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In a week of chaos, we hold fast to our dreams

Haas Promenade, Jerusalem. A site known to every tourist visiting Israel. Blessing Shehecheyanu upon arrival to Jerusalem while admiring the spectacular view of our Jewish capital.

This same site symbolizes more than anything our Jewish journey—one that reflects our glorious history, flourishing present and promising future. At the same time, it reminds us of Jerusalem’s complexities, of a very fragile line between Israeli Jews and Jerusalemite Arabs. Of a city that often mourns for its victims, and buries its dead children. It whispers softly to keep holding on to the dream, not to lose hope, not to fall into despair.

On Sunday this majestic site was a gathering place for officers’ cadets. As part of their training, these cadets, like any other IDF (Israeli Defense Forces) soldiers, go through a week of sightseeing and study, so that they become better soldiers, not only on the battlefield, but also more humane and moral ones.

At this spectacular site, the lives of four Israeli soldiers ended and another 13 were wounded when a vicious terrorist ran over these cadets, taking innocent lives, dreams and hopes, killing them all at once.

In the same week 16 JCCs in the United States received bomb threats, which fortunately turned out to be hoaxes. These are JCCs that proudly serve all, Jews and non-Jews alike, regardless of religion, race, or any other distinction. These are JCCs that announce, “All are welcome”. Whenever I visit these JCCs, I enjoy seeing children of all backgrounds in their early childhood programs, who sing Shabbat songs together, celebrate Jewish values and rejoice, knowing they are at home, protected and loved. These pluralistic, diverse and engaging JCCs were the target of hatred, of narrow-minded individuals, who do not understand the essence of what a Jewish organization means.

This all happened in the same week that the Israeli society was divided into two camps over the case of Elor Azaria, an IDF soldier.

In March 2016, a Palestinian terrorist stabbed an Israeli soldier in Hebron. Following the stabbing, the terrorist was shot and held by the IDF. A few minutes later as he lay wounded on the ground, Azaria shot him in the head, killing him and claimed self-defense. Azaria was arrested and the Israeli Military Police opened an investigation against him for charges of manslaughter.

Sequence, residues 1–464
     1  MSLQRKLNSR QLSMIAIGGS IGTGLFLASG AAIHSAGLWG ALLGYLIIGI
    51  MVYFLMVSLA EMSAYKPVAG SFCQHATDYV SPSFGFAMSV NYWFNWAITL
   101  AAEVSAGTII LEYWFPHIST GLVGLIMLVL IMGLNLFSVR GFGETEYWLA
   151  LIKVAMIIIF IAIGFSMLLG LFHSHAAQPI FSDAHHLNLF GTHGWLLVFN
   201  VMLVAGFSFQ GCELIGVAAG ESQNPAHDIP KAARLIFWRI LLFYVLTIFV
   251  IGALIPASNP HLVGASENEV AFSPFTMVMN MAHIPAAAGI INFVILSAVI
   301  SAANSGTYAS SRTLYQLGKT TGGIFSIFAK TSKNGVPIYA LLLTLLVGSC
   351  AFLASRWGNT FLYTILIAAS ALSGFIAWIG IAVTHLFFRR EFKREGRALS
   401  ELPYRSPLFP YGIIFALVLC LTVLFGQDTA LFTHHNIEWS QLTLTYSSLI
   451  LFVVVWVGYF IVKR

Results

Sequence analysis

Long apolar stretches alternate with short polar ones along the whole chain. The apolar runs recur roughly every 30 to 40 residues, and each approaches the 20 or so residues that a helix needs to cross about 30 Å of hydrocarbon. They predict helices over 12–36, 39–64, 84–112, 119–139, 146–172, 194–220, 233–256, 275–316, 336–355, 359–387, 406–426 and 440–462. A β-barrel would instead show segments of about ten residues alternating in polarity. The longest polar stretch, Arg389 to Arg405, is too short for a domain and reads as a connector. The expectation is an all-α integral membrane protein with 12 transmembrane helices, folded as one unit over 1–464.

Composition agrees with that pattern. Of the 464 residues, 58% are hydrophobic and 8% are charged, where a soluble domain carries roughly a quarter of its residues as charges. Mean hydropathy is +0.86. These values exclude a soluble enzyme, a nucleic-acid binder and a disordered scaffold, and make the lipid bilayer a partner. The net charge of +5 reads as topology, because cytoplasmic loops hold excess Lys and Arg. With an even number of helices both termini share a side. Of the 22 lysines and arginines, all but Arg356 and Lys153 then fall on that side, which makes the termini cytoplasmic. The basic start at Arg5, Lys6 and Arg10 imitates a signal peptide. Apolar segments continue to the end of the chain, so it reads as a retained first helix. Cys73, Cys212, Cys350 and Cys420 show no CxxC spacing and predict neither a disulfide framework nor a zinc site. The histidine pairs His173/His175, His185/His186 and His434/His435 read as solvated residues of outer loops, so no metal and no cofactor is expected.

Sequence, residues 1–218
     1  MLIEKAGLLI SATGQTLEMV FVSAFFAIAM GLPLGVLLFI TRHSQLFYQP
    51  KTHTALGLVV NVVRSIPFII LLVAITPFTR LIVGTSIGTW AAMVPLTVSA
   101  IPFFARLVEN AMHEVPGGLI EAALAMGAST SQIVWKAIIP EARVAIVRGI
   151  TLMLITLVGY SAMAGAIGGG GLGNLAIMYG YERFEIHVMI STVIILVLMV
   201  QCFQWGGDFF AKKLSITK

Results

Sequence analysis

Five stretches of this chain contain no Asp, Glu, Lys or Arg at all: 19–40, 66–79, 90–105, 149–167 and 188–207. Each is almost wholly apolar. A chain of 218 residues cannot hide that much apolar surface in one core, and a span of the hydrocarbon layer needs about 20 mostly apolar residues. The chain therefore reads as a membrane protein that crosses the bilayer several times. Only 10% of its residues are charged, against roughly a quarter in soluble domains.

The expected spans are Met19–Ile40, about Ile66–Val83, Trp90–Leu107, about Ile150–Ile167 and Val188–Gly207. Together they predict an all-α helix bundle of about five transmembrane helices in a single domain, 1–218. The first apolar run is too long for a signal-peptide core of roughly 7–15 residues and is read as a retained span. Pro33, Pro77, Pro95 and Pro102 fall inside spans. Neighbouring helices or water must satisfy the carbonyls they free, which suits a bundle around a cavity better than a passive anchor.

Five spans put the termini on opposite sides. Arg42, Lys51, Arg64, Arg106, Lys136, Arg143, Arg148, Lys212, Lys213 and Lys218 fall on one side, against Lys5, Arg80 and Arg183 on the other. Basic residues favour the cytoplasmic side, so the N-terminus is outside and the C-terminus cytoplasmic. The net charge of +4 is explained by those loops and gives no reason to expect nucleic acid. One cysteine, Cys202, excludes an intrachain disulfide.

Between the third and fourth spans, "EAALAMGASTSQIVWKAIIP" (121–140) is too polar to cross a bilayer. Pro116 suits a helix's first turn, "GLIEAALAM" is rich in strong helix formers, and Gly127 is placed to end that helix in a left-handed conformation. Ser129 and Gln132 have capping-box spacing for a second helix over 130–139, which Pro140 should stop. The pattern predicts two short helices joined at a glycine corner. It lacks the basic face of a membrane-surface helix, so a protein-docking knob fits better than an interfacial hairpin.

The soldier’s act sparked widespread public debate in Israel, dividing Israeli society between those who supported Azaria’s action, and view him as a hero, and condemning the army for opening an investigation, and the many of us who believe that it is of paramount importance that ethics and morals guide us on the battlefield. We are who we are because of our ability to remain human at all times, and that killing a wounded “neutralized” terrorist is manslaughter. Yes, this terrorist was the personification of evil, yes, he was our enemy, but he was a human-being, that once wounded and captured, had the right to stand trial. Our IDF won’t allow its soldiers to kill a wounded man that is no longer a threat.

Azaria was convicted this week of manslaughter, and the streets of Israel wore two faces: the ones who sang his praises and the others who blessed Israel’s high moral standards that led to his conviction. I don’t know how many countries would have even begun an investigation. I’m so proud of mine!

One of the four soldiers who was killed during Sunday’s malicious attack, was 20-year-old lieutenant Yael Yekutiel. Yael was my daughter’s friend, serving with her in the same unit in the IDF. Yael was a blooming flower, a caring and loving person that will be remembered most of all for being a hardworking officer, extremely devoted and committed, always asking questions, wanting to learn it all, so that she can lead her subordinates with meaning and purpose. Yael wanted it all. It’s as if in some mysterious way she knew she only had 20 years to accomplish everything, to leave her mark, to live.

Yael, served on the IDF Education Corps, where my daughter Roni currently serves. The Israeli army was the first in the world, and today among very few anywhere that has an Education Corps which offers a variety of educational programs focusing on Israeli history, sites, values, Zionism and Jewish identity.

It’s another example of how the Israeli army holds to the highest standards of ethics and morals, because as Jews, that’s the only way we know.

“The State of Israel will prove itself not by material wealth, not by military might or technical achievement, but by its moral character and human values” David Ben Gurion, Israel’s first Prime Minister

 

May Yael, Shira, Shir and Erez, four unfulfilled dreams, be remembered forever, and may the Jewish people celebrate our values in pride and dignity while facing no threat of any kind.

Leah Garber, Vice President. Director, JCC Israel Center

leah@jcca.org

 

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